Two additional and important forces at work in visual perception are perceptual constancy and optical illusions. Perceptual constancy refers to the tendency to experience a stable view of the world in spite of a continuously changing sensory environment. Without this allowance for constant change, our world-view would be chaotic and as confusing as optical illusions, visual stimuli that appear to us quite differently than they occur in reality. Classic examples of optical illusions include the Muller-Lyer, Ponzo, and Poggendorff. See the world wide web links in the Suggestions for further study section to explore some of these illusions.


Visual cortex is divided into 5 separate areas, V1-V5. Primary visual cortex or V1 (often called striate cortex because of its striped appearance under a microscope) receives its information directly from the lateral geniculate nucleus. Following processing in this region, the visual neuronal impulses are directed to secondary visual cortex or V2. V2 then projects to V3, V4, and V5. Each of these areas is further subdivided and sends information to any of 20 or more other areas of the brain that process visual information. This general arrangement is subdivided into three parallel pathways. Although each pathway is somewhat distinct in function, there is intercommunication between them.

In the first and completely parvocellular pathway, neurons in the interblobs of V1 project to the pale stripes of V2. The pale stripes of V2 project to the inferior temporal cortex. This is the pathway composed of feature detectors (simple, complex and hypercomplex cells) as described in the basic information section. Parvocellular neurons show a low sensitivity to contrast, high spatial resolution, and low temporal resolution or sustained responses to visual stimuli. These cellular characteristics make the parvocellular division of the visual system especially suited for the analysis of detail in the visual world. Neurons found in the inferior temporal cortex respond to very complex stimulus features of a specific nature regardless of size or position on the retina. Some neurons in this region respond selectively to faces of particular overall feature characteristics. It is not surprising, therefore, to learn that this region is intimately involved in visual memory. Damage to the parvocellualar pathway will induce disorders of object recognition. Common examples of such disorders include visual agnosia, or the inability to identify objects in the visual realm, and prosopagnosia, a subtype of visual agnosia that affects specifically the recognition of once familiar faces. This division of the visual system tells us to identify what we see.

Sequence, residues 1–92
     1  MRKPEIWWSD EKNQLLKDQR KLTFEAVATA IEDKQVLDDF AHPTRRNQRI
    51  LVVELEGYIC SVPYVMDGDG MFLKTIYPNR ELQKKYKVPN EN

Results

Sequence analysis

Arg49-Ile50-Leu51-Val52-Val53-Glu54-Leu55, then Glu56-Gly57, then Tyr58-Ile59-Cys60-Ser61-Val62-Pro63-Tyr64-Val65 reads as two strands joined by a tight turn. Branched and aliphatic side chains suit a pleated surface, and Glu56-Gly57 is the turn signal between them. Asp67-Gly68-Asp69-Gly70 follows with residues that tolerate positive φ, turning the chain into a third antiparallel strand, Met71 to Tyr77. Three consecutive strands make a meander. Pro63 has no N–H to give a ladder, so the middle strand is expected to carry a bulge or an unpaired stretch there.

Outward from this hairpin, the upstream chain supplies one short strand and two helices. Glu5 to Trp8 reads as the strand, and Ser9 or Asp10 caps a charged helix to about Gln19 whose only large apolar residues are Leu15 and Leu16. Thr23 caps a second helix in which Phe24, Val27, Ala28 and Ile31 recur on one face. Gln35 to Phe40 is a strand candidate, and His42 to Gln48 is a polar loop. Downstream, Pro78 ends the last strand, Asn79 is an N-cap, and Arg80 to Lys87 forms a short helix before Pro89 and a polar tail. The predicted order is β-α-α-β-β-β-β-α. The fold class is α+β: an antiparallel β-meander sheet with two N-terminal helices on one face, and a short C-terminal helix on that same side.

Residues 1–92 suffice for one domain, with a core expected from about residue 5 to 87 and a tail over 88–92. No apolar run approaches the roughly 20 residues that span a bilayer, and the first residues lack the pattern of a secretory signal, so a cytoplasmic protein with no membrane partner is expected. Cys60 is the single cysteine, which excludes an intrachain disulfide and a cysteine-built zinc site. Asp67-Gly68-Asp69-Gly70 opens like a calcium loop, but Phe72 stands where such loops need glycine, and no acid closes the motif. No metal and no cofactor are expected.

In the second visual cortical pathway, the neurons in lamina (layer) 4B of V1 project to the thick stripes of V2. Area V2 then projects to V3, V5 (or MT, middle-temporal cortex), and MST (medial superior temporal cortex). This pathway is an extension of the magnocellular pathway from the retina and LGN, and continues the processing of visual detail leading to the perception of shape in area V3 and movement or motion in areas V5 and MST. Cells in V5 are particularly sensitive to small moving objects or the moving edge of large objects. Cells in dorsal MST respond to the movement (rotation) of large scenes such as is caused with head movements, whereas cells in ventral MST respond to the movement of small objects against their background. Magnocellular neurons show a high sensitivity to contrast, low spatial resolution, and high temporal resolution or fast transient responses to visual stimuli. These cellular characteristics make the magnocellular division of the visual system especially able to quickly detect novel or moving stimuli, the abilities that allow us to respond quickly and adaptively to possible threatening stimuli. Perhaps this is why this division was the first to evolve.

Finally in the third and mixed visual cortical pathway, neurons in the "blobs" of V1 project to the thin stripes of V2. The thin stripes of V2 then project to V4. Area V4 receives input from both the parvo- and magnocellular pathways of the retina and LGN. The parvocellular portion of (V4) is particularly important for the perception of color and maintenance of color perception regardless of lighting (color constancy). The V4 neurons associated with the (non-color) magnocellular pathway appear to be involved somehow in the control of visual attention to less noticeable, subtle stimuli in the environment.

The question of how these different areas work together to result in our final perception of the visual world is often referred to as the "perceptual binding problem". This issue is discussed in considerable detail at one of the links provided below.